Friction Stir Processing (FSP) is an attractive manufacturing technique to produce Mg matrix composites since it avoids the problem of excessive reactivity between reinforcement and matrix encountered in liquid-phase processing routes. However, the strength of the interface in C-reinforced Mg matrix composites produced by FSP remains to be assessed. A short fibre composite has been fabricated by FSP a stack of a C-fabric between two Mg-AZ91D alloy sheets. In order to elucidate the interplay between matrix hardness and interface bonding strength, the work investigates the influence of heat treatment on the mechanical properties of the composites. An incremental Mori-Tanaka model is developed to analyse the relative roles of heat treatment and C-fibre reinforcement on the flow strength and ductility of the composites in tension and compression. The mean-field model provides an estimate of the stress at the matrix/fibre interface, from which a simple debonding criterion can be derived. Comparison between model predictions and experimental data indicates that damage in the FSP composites is triggered by early interfacial debonding. Based on Finite Element simulations of a tensile test carried out in-situ in a scanning electron microscope, the critical interfacial stress for debonding was identified to be 435 MPa in simple traction but only 250 MPa when damage is governed by shear. This explains the limited strengthening by C fibres observed in heat treated composites.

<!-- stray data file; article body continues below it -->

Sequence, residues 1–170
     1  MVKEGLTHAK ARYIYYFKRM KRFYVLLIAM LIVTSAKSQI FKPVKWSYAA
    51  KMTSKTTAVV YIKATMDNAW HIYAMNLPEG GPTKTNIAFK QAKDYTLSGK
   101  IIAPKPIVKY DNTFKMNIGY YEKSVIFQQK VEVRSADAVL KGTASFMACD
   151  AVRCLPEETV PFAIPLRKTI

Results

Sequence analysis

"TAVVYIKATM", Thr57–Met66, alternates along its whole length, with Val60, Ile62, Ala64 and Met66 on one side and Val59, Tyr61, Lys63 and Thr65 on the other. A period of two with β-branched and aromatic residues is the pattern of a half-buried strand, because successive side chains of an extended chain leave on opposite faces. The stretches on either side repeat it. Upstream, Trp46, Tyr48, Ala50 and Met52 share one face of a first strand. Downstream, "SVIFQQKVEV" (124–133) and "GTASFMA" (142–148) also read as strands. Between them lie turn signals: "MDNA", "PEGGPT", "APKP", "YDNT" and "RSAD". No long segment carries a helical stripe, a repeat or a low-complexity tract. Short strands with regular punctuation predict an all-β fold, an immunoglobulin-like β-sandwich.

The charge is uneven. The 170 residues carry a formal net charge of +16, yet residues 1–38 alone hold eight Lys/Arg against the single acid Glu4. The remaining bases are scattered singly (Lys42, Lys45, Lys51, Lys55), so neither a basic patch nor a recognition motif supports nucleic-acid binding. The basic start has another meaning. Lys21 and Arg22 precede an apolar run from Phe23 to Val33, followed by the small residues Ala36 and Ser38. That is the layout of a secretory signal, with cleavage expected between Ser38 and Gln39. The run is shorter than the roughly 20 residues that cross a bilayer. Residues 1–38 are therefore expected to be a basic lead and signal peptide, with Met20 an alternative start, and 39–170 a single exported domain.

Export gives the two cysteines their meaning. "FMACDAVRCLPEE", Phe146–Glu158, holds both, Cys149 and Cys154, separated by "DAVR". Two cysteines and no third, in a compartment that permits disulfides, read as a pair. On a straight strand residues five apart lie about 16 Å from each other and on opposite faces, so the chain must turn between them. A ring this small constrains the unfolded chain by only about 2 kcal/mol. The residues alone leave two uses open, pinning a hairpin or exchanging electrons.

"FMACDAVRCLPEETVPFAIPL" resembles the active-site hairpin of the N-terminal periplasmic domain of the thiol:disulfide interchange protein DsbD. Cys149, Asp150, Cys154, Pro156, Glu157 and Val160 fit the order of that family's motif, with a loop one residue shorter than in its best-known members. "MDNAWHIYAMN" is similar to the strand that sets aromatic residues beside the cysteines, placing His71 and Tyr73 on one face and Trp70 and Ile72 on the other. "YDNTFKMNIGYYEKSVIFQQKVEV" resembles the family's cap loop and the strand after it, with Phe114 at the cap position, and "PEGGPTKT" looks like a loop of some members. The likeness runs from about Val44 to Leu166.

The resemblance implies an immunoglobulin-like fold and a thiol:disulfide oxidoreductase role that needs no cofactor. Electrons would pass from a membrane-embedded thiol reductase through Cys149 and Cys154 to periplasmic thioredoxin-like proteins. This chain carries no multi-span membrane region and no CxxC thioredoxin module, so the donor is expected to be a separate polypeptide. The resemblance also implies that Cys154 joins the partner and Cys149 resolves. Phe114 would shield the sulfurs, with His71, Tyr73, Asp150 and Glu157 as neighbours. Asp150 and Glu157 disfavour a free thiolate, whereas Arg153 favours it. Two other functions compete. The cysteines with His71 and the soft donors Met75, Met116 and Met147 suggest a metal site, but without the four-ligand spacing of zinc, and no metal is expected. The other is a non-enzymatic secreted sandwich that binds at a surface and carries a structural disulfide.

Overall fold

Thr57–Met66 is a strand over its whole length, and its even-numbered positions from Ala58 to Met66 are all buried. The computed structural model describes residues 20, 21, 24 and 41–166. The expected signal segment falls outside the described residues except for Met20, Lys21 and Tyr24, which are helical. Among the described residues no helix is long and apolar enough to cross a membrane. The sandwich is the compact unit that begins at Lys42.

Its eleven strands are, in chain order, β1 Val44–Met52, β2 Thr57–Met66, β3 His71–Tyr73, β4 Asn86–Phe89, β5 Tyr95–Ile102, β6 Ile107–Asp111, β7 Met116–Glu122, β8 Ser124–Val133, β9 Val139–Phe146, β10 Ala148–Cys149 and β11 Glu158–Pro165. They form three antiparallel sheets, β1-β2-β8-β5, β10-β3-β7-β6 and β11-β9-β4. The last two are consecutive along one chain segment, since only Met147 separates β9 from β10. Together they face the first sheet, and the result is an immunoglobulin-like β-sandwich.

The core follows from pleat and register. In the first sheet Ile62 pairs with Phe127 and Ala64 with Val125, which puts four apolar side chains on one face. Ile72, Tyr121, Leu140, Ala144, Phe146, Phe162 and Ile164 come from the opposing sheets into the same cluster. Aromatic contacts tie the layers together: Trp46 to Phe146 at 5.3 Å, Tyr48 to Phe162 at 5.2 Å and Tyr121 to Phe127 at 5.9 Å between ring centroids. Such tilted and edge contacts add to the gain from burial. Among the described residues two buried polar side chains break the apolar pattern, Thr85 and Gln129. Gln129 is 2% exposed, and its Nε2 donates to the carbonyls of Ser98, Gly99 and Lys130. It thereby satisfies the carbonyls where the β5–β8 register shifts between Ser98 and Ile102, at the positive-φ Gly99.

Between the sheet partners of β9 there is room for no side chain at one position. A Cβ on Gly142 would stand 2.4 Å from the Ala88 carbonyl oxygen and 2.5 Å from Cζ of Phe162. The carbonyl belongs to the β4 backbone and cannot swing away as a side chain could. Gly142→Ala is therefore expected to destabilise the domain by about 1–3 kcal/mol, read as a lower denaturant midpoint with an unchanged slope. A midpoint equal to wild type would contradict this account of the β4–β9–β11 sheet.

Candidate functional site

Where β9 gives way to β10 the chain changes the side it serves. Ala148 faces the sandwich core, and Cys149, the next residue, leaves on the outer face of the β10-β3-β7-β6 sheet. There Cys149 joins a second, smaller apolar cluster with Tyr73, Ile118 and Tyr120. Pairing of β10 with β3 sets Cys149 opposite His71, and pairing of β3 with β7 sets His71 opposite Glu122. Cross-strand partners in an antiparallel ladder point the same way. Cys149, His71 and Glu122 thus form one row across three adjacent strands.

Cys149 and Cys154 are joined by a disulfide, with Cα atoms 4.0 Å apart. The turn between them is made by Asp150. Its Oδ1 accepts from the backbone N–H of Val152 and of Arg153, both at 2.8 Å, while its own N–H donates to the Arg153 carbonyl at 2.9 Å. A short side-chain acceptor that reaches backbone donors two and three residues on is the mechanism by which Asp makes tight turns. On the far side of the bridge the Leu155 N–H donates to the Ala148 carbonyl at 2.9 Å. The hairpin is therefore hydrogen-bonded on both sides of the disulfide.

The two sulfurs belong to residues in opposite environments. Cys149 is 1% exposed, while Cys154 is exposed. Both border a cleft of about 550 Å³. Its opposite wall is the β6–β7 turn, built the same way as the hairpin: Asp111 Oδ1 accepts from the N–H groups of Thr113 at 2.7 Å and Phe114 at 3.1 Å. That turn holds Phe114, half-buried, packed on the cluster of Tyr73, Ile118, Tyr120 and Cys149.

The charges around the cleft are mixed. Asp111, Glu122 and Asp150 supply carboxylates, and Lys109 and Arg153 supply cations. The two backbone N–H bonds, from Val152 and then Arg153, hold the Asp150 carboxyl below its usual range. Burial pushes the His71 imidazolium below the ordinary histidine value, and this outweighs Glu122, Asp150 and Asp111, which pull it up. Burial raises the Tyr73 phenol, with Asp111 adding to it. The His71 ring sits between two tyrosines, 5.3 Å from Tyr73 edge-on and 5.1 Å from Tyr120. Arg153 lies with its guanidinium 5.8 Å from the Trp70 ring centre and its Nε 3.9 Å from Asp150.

|Number of pages||10|
|Journal||Materials Science and Engineering A: Structural Materials: Properties, Microstructure and Processing|
|Publication status||Published - 18 Apr 2018|
- Friction stir processing
- Interface debonding
- Magnesium matrix composites
- Micromechanical modelling